WHEN IT’S TRUE – BUT WRONG

THE DAILY BLOG – AN AGATHA CHRISTIE MYSTERY


So there we were. It’s late. The dogs are sleeping. Garry and I are watching “The ABC Murders” on the BBC Poirot series. Poirot is reading an article in the newspaper, supposedly quoting Captain Hastings. Hastings says “I say, Poirot, I really didn’t say that, you know.”

“I know,” says Poirot. “But perhaps this will help us. The murderer, he sees what I supposedly said in the daily blog …”


BLOG (US)

noun
1. A website containing a writer’s or group of writers’ own experiences, observations, opinions, etc., and often having images and links to other websites.
2. A single entry or post on such a website: She regularly contributes a blog to the magazine’s website.
verb (used without object), blogged, blogging.
3. To maintain or add new entries to a blog. Verb (used with object), blogged, blogging.
4. To express or write about on a blog: She’s been blogging her illness for almost a year.

Origin of blog 
1995-2000; shortening of weblog – Related forms: blogger, noun

Based on the Random House Dictionary, © Random House, Inc. 2016.


Whoa!

Blog? He used the word blog? This show was aired in 1992 and the story is set in pre-World War II England. How far back does the word “blog” go? These BBC productions are generally considered accurate renditions of the books.


BLOG (British) 

1998, – short for weblog (which is attested from 1994, though not in the sense “online journal”), from (World Wide) Web + log.

Joe Bloggs (c.1969) was British slang for “any hypothetical person” (cf. U.S. equivalent Joe Blow); earlier “blog” meant “a servant boy” in one of the college houses (c.1860, see Partridge, who describes this use as a “perversion of bloke”). As a verb, “to defeat” in schoolboy slang.

The Blogger online publishing service was launched in 1999.


None of these definitions would be used to describe a newspaper article or column … or even a published rumor. Except — this BBC TV movie was released in 1992. And the word “blog” in a form and meaning we understand is there, where it can’t be because the word did not yet exist.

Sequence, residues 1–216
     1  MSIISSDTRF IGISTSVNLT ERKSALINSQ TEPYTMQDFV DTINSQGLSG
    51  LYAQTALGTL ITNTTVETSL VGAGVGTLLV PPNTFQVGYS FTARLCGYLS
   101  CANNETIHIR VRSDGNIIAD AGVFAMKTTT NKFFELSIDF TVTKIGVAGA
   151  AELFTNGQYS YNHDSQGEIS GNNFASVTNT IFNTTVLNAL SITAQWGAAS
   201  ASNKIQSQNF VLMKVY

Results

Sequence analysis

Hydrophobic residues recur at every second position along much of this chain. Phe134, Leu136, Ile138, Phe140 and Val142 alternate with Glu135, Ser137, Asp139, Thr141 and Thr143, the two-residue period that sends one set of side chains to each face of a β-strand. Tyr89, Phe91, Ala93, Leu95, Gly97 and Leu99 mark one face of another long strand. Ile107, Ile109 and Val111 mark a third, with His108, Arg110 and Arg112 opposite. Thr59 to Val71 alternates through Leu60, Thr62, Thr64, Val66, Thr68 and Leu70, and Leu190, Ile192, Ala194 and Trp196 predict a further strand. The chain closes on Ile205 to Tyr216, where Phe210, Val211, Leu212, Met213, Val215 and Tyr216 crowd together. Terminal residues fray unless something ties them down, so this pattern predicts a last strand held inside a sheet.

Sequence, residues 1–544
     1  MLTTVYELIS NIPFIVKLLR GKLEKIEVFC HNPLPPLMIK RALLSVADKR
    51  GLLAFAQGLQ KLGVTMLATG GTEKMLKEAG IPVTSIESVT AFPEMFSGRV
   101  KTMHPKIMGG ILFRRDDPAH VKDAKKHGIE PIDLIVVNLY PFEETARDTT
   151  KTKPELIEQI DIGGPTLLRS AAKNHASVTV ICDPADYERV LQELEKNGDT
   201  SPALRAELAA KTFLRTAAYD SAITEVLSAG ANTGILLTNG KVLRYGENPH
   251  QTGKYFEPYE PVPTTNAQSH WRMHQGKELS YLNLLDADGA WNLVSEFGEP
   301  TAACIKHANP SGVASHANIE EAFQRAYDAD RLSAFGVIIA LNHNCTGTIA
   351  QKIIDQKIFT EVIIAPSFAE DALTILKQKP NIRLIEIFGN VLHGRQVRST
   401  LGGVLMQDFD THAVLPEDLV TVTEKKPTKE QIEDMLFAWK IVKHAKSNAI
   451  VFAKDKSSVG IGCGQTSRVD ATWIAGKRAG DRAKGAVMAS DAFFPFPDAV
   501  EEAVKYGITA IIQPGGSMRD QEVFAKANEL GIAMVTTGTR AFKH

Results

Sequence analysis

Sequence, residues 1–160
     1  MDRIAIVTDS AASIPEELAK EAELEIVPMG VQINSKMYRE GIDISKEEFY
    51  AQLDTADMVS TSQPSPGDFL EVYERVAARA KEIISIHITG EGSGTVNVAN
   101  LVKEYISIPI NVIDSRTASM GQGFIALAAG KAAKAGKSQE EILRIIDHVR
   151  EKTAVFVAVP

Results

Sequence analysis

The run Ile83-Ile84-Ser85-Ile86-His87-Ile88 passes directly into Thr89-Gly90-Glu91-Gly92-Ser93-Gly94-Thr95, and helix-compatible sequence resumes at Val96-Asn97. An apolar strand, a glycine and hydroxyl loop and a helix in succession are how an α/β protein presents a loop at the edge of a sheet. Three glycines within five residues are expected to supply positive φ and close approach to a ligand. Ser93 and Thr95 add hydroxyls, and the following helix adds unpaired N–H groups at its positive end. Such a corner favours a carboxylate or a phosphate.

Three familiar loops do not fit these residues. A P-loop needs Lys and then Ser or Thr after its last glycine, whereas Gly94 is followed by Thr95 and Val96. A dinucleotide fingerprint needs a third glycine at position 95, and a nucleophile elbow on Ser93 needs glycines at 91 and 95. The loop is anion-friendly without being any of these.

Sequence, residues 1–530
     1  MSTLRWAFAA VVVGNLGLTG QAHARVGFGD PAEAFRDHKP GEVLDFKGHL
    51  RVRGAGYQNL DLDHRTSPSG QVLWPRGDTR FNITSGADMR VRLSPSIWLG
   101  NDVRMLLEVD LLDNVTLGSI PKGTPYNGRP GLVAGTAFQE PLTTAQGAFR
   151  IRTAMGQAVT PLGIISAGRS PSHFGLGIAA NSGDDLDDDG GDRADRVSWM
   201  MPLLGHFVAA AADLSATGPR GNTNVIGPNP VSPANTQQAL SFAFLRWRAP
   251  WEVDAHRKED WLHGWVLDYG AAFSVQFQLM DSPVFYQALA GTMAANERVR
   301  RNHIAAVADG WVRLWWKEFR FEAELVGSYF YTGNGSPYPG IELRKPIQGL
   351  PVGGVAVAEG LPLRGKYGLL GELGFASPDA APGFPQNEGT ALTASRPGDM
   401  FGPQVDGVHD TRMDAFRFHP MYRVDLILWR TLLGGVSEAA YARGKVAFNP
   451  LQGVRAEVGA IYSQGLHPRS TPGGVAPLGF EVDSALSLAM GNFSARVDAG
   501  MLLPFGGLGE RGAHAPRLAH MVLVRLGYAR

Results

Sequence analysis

But it did exist and it meant basically what it means now, except applied to a daily newspaper, not something on the Internet.

I can reach but one conclusion: My accurate sources are wrong. The word did exist at least as early as 1992. If they are wrong about this, what else did they get wrong? Did Agatha Christie use it in the original manuscript? I’d need to have a searchable copy of “The ABC Murders” to do a word search. I don’t have such a book at the moment, but I’ll try to find one. There may be one available as a Kindle and they are searchable. I’ll let you know.

Meanwhile, I can’t find any source that admits any evidence that the word “blog” existed in its current form and usage prior to 1995 (most say 1997). All sources agree on this. The word “blog” comes from “web log.” Except obviously, that’s not true.

It’s a mystery worthy of Dame Agatha herself.

How many other things I know are true, are wrong? Makes you wonder, doesn’t it?

UPDATE: Dateline Uxbridge, 1:22 PM, EDT

After much checking in by helpful readers and friends, the word (given the heavy fake French accent …) might have been one of these three words:

Blood (which is what the transcript of the show thinks it was)

Blab (mebbe, because with the accent, anything that is a single syllable and starts with BL and is followed by an “aw” or “ah” sound could sound like blog

or

Blah, as in “blah, blah, blah” which had during WWI (around 1918), come into common parlance to mean the same thing it means 100 years later.

If anyone has the book, it would be interesting to find out what Dame Agatha actually wrote, as opposed to what the BBC production used in the script. The show is available on Netflix. It is first show of the 1992 season four. “The ABC Murders” is a movie length feature and very well done. It will stand alone as a single viewing.

21 thoughts on “WHEN IT’S TRUE – BUT WRONG

  1. Anachronisms fascinate me, so I had to check this one out. I found what appears to be a transcript of that episode and what seems to be the relative quote here…

    “Because if our murderer reads what I am supposed to have said in the daily blood today, he will lose all respect for me as an opponent. But after another crime, we will know infinitely more. Crime is revealing.”

    It’s about half way down here…

    http://www.allreadable.com/ac70HFJK

    Liked by 1 person

    • He did NOT say Daily Flicker. I might believe he said “Daily Blood,” With that weird fake French accent, blood might sound like blog, but flicker does NOT sound like blog, not even with the heaviest accent in the world. That’s the BBC production.

      Now, exactly what Agatha Christie WROTE is another question. I couldn’t figure out that link at all. It came out as gibberish at this end … and none of it was searchable. I have a Kindle version, but it isn’t searchable by word — it’s a very old Kindle version, but I’m going to reread it anyway.

      Thanks. “Eeet eez a meesterEE, eez eet nawt?”

      Like

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